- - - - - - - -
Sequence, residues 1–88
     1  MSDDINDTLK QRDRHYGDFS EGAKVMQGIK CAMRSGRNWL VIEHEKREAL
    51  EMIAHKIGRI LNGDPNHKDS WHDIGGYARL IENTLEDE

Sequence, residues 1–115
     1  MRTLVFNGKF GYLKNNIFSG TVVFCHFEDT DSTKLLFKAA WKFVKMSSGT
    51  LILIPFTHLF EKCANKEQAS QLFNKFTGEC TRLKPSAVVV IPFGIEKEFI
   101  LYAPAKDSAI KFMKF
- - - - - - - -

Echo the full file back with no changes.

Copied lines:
Sequence, residues 1–88
     1  MSDDINDTLK QRDRHYGDFS EGAKVMQGIK CAMRSGRNWL VIEHEKREAL
    51  EMIAHKIGRI LNGDPNHKDS WHDIGGYARL IENTLEDE

Sequence, residues 1–115
     1  MRTLVFNGKF GYLKNNIFSG TVVFCHFEDT DSTKLLFKAA WKFVKMSSGT
    51  LILIPFTHLF EKCANKEQAS QLFNKFTGEC TRLKPSAVVV IPFGIEKEFI
   101  LYAPAKDSAI KFMKF